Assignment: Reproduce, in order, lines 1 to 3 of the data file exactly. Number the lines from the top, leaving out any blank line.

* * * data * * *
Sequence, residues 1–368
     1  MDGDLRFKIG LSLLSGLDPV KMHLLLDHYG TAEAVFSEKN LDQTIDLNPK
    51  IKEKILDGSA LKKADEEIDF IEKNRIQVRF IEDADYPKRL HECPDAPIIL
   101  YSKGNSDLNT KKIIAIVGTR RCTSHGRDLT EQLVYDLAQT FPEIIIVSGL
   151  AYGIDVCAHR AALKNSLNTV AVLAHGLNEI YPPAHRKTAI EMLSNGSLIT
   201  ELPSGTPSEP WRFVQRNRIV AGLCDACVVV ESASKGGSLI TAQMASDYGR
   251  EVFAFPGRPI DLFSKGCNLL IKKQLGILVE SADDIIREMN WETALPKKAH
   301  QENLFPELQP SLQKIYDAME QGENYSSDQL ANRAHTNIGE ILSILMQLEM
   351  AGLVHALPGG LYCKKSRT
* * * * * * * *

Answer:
Sequence, residues 1–368
     1  MDGDLRFKIG LSLLSGLDPV KMHLLLDHYG TAEAVFSEKN LDQTIDLNPK
    51  IKEKILDGSA LKKADEEIDF IEKNRIQVRF IEDADYPKRL HECPDAPIIL